janaline’s world journey
wordbeads (not a travel blog)
The test from my side is that the bloggers will see their name instead of my writing to them individually. Hope I am excused this once.
This post is in response to IndiBlogger contest titled Beauty has an Address based on Oman.
We lived in Muscat, Oman from October 1995 to November 2000 and the five years was an introduction to a culturally and typographically vibrant and irresistible.
Our entry into Muscat, the capital of Sultanate of Oman, had coincided with sublime weather, by Oman standards, as October onwards the hot air or the mistral disappears from over the crumbly slatey mountaintops. Also unknowingly, we had timed our arrival with the 25th year of ascension of Sultan Qaboos bin Said and the country’s National Day celebrations. The country was eulogizing the metamorphosis into a new era engineered by discovery of oil and the Sultan’s commitment to his people. The buntings and multi hued lights stringed along pillars and atop buildings added to the festive ambiance and after sunset Muscat turned into an Arabian Nights city with lighted minarets, streets and buildings.
It was the beginning of a never-ending love affair with a country that hitherto had been an unknown entity, a Middle Eastern country confined to desert lands of geography books. I am glad I did not listen to well wishers advising us against flying out without any contacts or friends to help out. We did not know anyone, except for my husband’s company contacts, and in a way it was a blessing as I was free from getting opinionated.
In five years time, 1995-2000, I came to know a country of majestic burnished mountains and blue-green waters snuggling up to an endless coastline, of undulating sky-line of buildings and rolling clouds, the souqs or markets reminiscent of ancient trade routes, of frankincense and dates, the swirling golden Wahiba sands, forts and mountain passes, of folklore and distinctive tribals. Evenings spent strolling along the Corniche, in Muscat, washed by waves and engulfed in the glow of the setting sun it was easy to imagine the lure of this entreport for sailors on way to riches of Asia. Lord Curzon, the British Viceroy of India (1898-1905) had labeled it as the ‘most picturesque place in the east’ and like multitudinous tourists down decades I too seconded the description.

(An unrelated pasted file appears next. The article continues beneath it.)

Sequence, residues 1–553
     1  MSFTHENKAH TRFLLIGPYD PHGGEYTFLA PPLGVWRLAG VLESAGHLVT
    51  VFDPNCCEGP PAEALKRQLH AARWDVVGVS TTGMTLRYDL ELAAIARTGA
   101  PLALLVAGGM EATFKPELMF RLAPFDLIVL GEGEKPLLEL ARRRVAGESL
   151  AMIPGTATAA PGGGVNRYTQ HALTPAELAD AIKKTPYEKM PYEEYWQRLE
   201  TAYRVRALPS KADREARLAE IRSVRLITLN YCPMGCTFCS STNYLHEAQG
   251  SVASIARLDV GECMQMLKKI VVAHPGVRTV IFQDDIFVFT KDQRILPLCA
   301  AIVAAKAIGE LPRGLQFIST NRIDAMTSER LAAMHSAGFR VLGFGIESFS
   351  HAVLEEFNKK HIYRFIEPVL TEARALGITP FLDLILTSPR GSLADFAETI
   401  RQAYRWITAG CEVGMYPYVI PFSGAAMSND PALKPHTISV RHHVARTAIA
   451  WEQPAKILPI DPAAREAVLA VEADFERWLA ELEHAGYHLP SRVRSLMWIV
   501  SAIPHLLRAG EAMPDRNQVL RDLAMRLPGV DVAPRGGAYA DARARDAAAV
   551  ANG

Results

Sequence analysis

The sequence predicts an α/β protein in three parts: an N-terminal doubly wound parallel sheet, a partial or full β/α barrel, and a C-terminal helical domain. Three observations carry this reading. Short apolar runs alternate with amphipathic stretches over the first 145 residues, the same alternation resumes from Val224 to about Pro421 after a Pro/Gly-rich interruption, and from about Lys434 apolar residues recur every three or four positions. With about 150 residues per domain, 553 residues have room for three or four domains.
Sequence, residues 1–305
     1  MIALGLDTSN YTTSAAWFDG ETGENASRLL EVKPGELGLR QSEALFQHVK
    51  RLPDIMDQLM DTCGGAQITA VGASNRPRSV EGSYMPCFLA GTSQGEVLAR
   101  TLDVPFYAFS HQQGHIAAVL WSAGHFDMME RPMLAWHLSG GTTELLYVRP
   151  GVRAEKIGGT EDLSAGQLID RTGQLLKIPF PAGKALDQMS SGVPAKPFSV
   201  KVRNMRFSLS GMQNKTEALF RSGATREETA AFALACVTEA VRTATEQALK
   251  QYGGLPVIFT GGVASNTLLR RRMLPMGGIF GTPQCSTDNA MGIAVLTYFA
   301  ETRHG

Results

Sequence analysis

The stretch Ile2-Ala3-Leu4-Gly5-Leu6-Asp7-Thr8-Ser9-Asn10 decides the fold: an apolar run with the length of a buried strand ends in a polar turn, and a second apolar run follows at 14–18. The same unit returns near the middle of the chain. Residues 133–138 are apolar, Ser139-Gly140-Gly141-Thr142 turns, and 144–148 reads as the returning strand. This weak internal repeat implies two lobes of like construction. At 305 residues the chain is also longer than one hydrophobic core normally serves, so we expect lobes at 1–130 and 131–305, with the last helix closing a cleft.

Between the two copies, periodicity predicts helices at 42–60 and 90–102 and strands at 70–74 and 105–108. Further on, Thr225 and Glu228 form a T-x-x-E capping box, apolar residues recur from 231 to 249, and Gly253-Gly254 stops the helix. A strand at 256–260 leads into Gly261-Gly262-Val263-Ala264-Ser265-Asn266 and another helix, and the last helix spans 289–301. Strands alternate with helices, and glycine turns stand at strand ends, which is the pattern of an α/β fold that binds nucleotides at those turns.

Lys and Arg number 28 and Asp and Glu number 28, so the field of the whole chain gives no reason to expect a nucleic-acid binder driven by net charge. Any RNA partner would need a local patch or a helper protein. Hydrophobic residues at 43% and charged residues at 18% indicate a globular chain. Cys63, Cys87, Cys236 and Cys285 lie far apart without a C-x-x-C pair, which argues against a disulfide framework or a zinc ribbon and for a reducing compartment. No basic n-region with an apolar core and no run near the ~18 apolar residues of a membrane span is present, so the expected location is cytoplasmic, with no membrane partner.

In 1995 Muscat was a city of artistic roundabouts embellished with artifacts, majestic forts and palaces, traditional souks vying with modern hotels, civic installations and sprawling parks proclaiming an ancient history of political and military activities. The Sultan Qaboos Bin Said Grand mosque was being constructed ( since then completed) and has the world’s largest chandelier and a hand-woven Persian carpet covering 4.26 sq.km. It is one mosque where non-Muslims are admitted for a look around.
The children would spend weekends at the ice skating rink or freaking out on the serpentine drive to Qantab beach, an engineering masterpiece linking the mountains for passage to the sea. School vacations meant driving to picturesque mountain cities and villages, Nizwa cloaked in antiquity was my favored haunt, the Jebel Akhdar or the Green mountains, Musandan reminiscent of Norway fjords, the verdant wadis or valleys and crooning streams of Dhofar, the southern tip of the country.
Like any other Gulf country Oman has surfeit of glamour, money, labor, simple living but to me it was a multitudinous wrap around, unique and fantastically natural in all its heatness- beyond conditioned houses, conditioned cars, conditioned offices, shopping complexes and “Even are classrooms are air-conditioned”. This from children on first day at Indian School, Muscat.
Now, fourteen years later when asked what would I like to do and see on return…..I can only say ‘Oman in entity’ as it was and must be paradisiacal.